Chemistry OCR F322 notes

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UNIT F322: Chains, Energy and Resources
Module 1: Basic Concepts and Hydrocarbons
2.1.1 Basic Concepts
2.1.2 Alkanes
2.1.3 Alkenes
Module 2: Alcohols, Halogenoalkanes and Analysis
2.2.1 Alcohols
2.2.2 Halogenoalkanes
2.2.3 Modern Analytical Techniques
Module 3: Energy
2.3.1 Enthalpy Changes
2.3.2 Rates and Equilibrium
Module 4: Resources
2.4.1 Chemistry of the Air
2.4.2 Green Chemistry
Frances SmithPage 1

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Module 1
2.1.1 Basic Concepts
Formulae of Organic Compounds
- Empirical Formula: The simplest whole-number ratio of atoms of each element
present in a compound.
- Molecular Formula: The number of atoms of each element in a molecule, e.g.
propane C3H8.
- General Formula: The simplest algebraic formula of a member of a homologous
series. For example, the general formula of the alkanes is CnH2n+2.
- Structural Formula: A formula showing the minimal detail for the arrangement of
atoms in a molecule, e.g.…read more

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Functional groups and the naming of organic
- Homologous series: A series of organic compounds with the same functional
group, but with each successive member differing by CH2.
- Functional group: The part of the organic molecule responsible for its chemical
Need to know first 10 members of the alkanes homologous series:
Methane, Ethane, Propane, Butane, Pentane, Hexane, Heptane, Octane, Nonane, Decane.…read more

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- Structural isomers: Molecules with the same molecular formula but with different
structural arrangements of atoms.
- Stereoisomers: Compounds with the same structural formula but with different
arrangement of the atoms in space.
- E/Z isomerism: A type of stereoisomerism in which different groups attached to
each C=C double bond may be arranged differently in space because of the restricted
rotation of the C=C bond.…read more

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Percentage Yield and Atom Economy
Percentage yield
actual amound, in mol, of product
% yield =theorectical amount, in mol, of product ×100
Atom Economy
molecular mass of the desired products
atom economy =
sum of molecular masses of all products ×100
- All addition reactions have a 100% atom economy
- The higher the atom economy the less waste products
Processes may have high % yield but this can be slow and very costly, therefore there are
compromises between the % yield and the…read more

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Alkanes and cycloalkanes are saturated hydrocarbons.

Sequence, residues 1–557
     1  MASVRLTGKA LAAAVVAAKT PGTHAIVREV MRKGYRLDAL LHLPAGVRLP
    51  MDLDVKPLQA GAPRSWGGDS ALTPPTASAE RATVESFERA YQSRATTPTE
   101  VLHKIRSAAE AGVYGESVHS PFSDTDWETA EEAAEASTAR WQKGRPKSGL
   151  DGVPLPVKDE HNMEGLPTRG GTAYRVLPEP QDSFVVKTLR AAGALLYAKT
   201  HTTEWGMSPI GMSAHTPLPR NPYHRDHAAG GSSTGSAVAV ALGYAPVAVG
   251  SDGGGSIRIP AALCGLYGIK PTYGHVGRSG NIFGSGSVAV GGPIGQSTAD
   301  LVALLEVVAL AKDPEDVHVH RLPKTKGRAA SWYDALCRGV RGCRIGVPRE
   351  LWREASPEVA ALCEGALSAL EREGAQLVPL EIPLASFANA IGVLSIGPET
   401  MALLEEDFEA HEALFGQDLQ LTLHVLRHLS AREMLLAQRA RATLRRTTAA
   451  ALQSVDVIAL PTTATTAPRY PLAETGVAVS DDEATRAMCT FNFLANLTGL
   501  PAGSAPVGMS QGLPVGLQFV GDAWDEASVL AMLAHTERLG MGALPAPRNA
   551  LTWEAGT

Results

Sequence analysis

Hydrocarbons from Crude Oil
- Hydrocarbon: An organic compound of hydrogen and carbon only.
- Saturated hydrocarbon: A hydrocarbon with single bonds only
- Unsaturated hydrocarbon: A hydrocarbon containing carbon-to-carbon multiple
bonds, e.g. double bonds.
- Fractional distillation: The separation of the components in a liquid mixture into
fractions which differ in boiling point by means of distillation, typically using a
fractionating column.…read more

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Hydrocarbons as fuels
The combustion of alkanes
- Short-chain alkanes are valuable as clean fuels. They burn in a plentiful supply of
oxygen to for carbon dioxide and water.
- Methane is the main constituent of natural gas and is used for domestic heating and
- Complete combustion of methane: CH4 (g)+ 2O2(g) CO2 (g) + 2H2O(l)
- Propane and butane are easily liquefied (LPG).
- They are used in barbeques, patio heaters and portable cooking appliances.…read more

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Producing cyclic hydrocarbons
Aliphatic hydrocarbons can be converted into cyclic or aromatic hydrocarbons in a process
sometimes known as reforming.
Improving fuels
- Research octane number (RON) rates how well a fuel burns. Fuels with near 100
ratings burn more efficiently. Heptane burns poorly and has an octane rating of zero.
- Branched and cyclic alkanes promote more efficient combustion than straight chains.
- Hydrogen produced during reforming is used in other chemical processes such as
ammonia and margarine production.…read more

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Halogenation of alkanes
Alkanes react with halogens in the presence of UV radiation or at a temperature of about
300°c. For example methane reacts with chlorine to produce chloromethane:
CH4 + Cl2 CH3Cl + HCl
This is radical substitution. Covalent bonds are broken by Homolytic fission to form
radicals. A hydrogen atom in the alkane is substituted by a halogen atom.
Mechanism for chlorination
- Initiation: the first step in radical substitution in which free radicals are generated by
ultraviolet light.…read more

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Properties of Alkenes
- Pi( )-bond: the reactive part of a double bond formed above and below the plane of
the bonded atoms by the sideways overlap of p-orbitals.
- Sigma( )-bond
In the formation of the double bond:
- A -bond is formed directly between to carbon atoms by the overlap of orbitals.…read more


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